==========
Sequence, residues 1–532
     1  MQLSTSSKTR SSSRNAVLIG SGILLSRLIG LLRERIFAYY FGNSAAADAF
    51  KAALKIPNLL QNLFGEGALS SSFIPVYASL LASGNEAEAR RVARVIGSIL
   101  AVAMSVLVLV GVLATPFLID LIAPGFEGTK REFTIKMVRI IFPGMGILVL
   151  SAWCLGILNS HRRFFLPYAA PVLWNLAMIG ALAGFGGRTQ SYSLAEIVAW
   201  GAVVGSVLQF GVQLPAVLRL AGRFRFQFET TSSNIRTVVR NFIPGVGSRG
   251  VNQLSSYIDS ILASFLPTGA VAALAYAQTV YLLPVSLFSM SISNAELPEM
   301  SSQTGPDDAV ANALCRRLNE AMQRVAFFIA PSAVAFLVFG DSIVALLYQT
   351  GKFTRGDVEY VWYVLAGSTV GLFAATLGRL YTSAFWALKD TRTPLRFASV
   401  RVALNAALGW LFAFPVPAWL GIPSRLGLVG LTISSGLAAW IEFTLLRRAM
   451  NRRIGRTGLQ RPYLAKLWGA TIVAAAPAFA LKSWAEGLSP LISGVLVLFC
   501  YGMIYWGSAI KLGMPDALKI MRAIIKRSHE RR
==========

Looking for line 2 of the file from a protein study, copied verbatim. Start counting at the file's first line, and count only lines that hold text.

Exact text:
     1  MQLSTSSKTR SSSRNAVLIG SGILLSRLIG LLRERIFAYY FGNSAAADAF